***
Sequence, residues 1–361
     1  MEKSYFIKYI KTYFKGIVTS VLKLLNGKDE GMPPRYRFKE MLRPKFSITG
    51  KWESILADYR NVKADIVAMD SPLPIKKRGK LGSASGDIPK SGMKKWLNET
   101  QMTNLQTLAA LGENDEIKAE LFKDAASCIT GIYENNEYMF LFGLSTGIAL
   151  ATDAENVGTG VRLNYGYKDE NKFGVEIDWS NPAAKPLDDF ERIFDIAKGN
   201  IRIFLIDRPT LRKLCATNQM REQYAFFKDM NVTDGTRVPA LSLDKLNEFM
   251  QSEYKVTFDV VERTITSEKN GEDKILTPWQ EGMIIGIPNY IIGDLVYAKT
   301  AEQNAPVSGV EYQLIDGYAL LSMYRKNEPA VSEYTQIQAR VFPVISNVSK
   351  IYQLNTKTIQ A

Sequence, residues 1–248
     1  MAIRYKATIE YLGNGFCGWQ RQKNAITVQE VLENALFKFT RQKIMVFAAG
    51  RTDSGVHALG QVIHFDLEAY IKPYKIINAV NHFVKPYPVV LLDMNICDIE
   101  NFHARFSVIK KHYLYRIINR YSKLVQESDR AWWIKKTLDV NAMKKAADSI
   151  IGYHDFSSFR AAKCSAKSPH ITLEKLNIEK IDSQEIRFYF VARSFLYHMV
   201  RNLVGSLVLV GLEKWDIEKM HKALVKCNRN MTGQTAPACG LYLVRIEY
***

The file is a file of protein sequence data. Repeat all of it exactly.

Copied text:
Sequence, residues 1–361
     1  MEKSYFIKYI KTYFKGIVTS VLKLLNGKDE GMPPRYRFKE MLRPKFSITG
    51  KWESILADYR NVKADIVAMD SPLPIKKRGK LGSASGDIPK SGMKKWLNET
   101  QMTNLQTLAA LGENDEIKAE LFKDAASCIT GIYENNEYMF LFGLSTGIAL
   151  ATDAENVGTG VRLNYGYKDE NKFGVEIDWS NPAAKPLDDF ERIFDIAKGN
   201  IRIFLIDRPT LRKLCATNQM REQYAFFKDM NVTDGTRVPA LSLDKLNEFM
   251  QSEYKVTFDV VERTITSEKN GEDKILTPWQ EGMIIGIPNY IIGDLVYAKT
   301  AEQNAPVSGV EYQLIDGYAL LSMYRKNEPA VSEYTQIQAR VFPVISNVSK
   351  IYQLNTKTIQ A

Sequence, residues 1–248
     1  MAIRYKATIE YLGNGFCGWQ RQKNAITVQE VLENALFKFT RQKIMVFAAG
    51  RTDSGVHALG QVIHFDLEAY IKPYKIINAV NHFVKPYPVV LLDMNICDIE
   101  NFHARFSVIK KHYLYRIINR YSKLVQESDR AWWIKKTLDV NAMKKAADSI
   151  IGYHDFSSFR AAKCSAKSPH ITLEKLNIEK IDSQEIRFYF VARSFLYHMV
   201  RNLVGSLVLV GLEKWDIEKM HKALVKCNRN MTGQTAPACG LYLVRIEY